“Shake It Up” – One Year Bible Reading – March 20

Old Testament: Numbers 30:1-31:54

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Numbers 30:1-16  The Vow

This is not the movie starring Rachel McAdams but it does have to do with women’s vows.  Women’s vows were included in Leviticus 27 but are detailed here.  Men are mentioned only in verse two and only as a contrast to the women’s vows.  Men’s vows can not be retracted though a woman’s vows could be retracted under certain circumstances.  Vows promised by an unmarried daughter living with her parents could be invalidated by her father Num. 30: 3-5).  The vow of a married woman could be nullified by her husband (Nu. 30: 6-8).  Widows and divorced women’s vows were inviolate (Num. 30:9).

Numbers 31: 1-16  The Midian Way

The Midianites were descendants of Abraham through his wife, Keturah (Gen. 25:2).  Moses later married a Midianite, Zipporah. The Midianites over time had degenerated into just another pagan tribe.  Yahweh sent Moses with a thousand soldiers from each tribe to exterminate the Midianites.  The women and children were spared (Num. 30:9) at first.  Later Moses had all the women who were not virgins slaughtered (Num. 30: 17, 18) as well as all the male children.  The reason was that the Midianites had infiltrated the Israelites previously with their immorality (Num. 30:6 cf. Num. 25:16-18).  This was a holy war characterized by the leading of the Lord Himself, the priest, Phinehas, and the holy articles (Nu. 30: 6).  According to the rules of holy war, all the women should have been slain (cf. Deut. 20:16-18; Josh. 6:15-19) but only those who possibly could have been involved in the incident of Peor were killed.  Moses was actually being gracious.  The idea was to squelch another incident of the same kind.  Balaam who prayed that he could die with the righteous (Nu. 23: 10) apparently was not repentant over his involvement with the donkey.  He was offed along with five unrighteous Midiante kings (Nu. 23:10).  The cities were burnt to the ground.  This pictures the future judgment when the Judge of the whole earth (Gen. 18:25, Pss. 94: 2, 96: 13, 98:9) will send those who reject Him to eternal punishment.  Since this was a holy war, everything had to be purified in clouding the soldiers (Num. 31:19-20) and things (Nu. 31: 21-25).  Remember there were provisions in the law regarding dead bodies (Nu. 19: 11-13).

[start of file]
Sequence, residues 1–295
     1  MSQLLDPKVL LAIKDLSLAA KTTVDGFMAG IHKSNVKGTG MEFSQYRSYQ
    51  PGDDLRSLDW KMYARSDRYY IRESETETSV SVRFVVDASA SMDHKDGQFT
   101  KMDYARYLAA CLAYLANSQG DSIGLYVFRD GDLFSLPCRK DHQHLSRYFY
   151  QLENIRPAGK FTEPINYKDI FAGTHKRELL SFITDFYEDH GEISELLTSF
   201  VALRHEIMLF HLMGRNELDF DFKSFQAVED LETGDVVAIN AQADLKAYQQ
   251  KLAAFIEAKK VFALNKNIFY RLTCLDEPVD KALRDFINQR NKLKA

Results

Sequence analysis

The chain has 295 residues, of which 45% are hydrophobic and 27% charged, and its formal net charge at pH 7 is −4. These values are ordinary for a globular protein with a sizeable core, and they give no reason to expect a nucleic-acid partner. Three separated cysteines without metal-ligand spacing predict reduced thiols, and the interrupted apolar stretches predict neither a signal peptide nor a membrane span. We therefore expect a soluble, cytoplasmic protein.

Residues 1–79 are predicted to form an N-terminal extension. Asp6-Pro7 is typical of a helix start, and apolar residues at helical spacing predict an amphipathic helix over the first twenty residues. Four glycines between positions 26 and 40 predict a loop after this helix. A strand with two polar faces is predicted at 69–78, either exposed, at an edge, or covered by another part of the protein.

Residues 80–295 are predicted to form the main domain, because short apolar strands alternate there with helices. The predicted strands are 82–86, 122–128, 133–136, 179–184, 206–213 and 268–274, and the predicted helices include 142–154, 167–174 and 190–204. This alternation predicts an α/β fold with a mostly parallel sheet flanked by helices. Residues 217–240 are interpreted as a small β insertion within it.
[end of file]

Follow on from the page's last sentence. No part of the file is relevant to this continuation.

Numbers 31: 25-54  Shake, Shake, Shake . . . Shake, Shake, Shake . . . Shake Your . . .

The soldiers were not allowed to keep all the fruit of their victory.  They had confiscated over eight hundred thousand animals and over a million dollars in gold (cf. Liberty Bible Commentary).  The soldiers were to share the spoil with those who had stayed in the camp (Num. 30:26, 27).  David later made this policy a law (1 Sam. 30:24-25).

New Testament: Luke 4:1-30

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Luke 4:1-13  The Temptation of Jesus

Jesus was filled with the Holy Spirit and was led around by the same Spirit for forty days.  He was being “tempted” by the devil but the word for “tempted” is the same as the word for “tested.”  The devil was trying to throw Jesus off course.  Jesus came to bring the kingdom.  Satan tried to undermine the process by causing Jesus to sin.  The temptations can be categorized according to John’s warning to us in 1 John 2:14,15.  Satan offers the “lust of the eyes, the lust of the flesh, and the pride of life.”  In this case, Satan offered bread, appealing to Jesus’ bodily needs and hunger (“flesh”) after forty days of fasting.  He offered all the kingdoms of the world, the “lust of the eyes.”  Finally, he tried Jesus at the point of His relationship with God by tempting Him to use His powers apart from God’s approval, the “pride of life.”

As our model, Jesus squelched the temptations each time with Scripture (Deut. 8:3, 6:16, 10:20).  We, too, should know Scripture well enough to thwart the devil.  The devil absconded but only until he could attack Him at a more advantageous time.

Luke 4:14-30  A Local Sendoff

People were already talking about Jesus at the time He returned to Galilee.  He was teaching in the local synagogues found in all the small towns.  One day He got up to read Isaiah (Is. 61: 1-2a) and it was obvious He was applying it to Himself (Luke 4:18-19) when He said, “Today this Scripture has been fulfilled in your hearing” (Luke 4:21).  They all gave Jesus a standing ovation . . . well, in the sense they all stood up and  attempted to clap their hands on Him to throw Him off a cliff (Luke 4:29).

Jesus had said a prophet was not respected in his own hometown.  He cited two Old Testment stories of prophets helping non-Jews (1 Kings 17:1-15; 2 Kings 5:1-14).  This further angered the crowd.

Mark states that Jesus was awestruck by their lack of belief and could not do any miracles there (Mark 6:5,6).  He just walked away from them.

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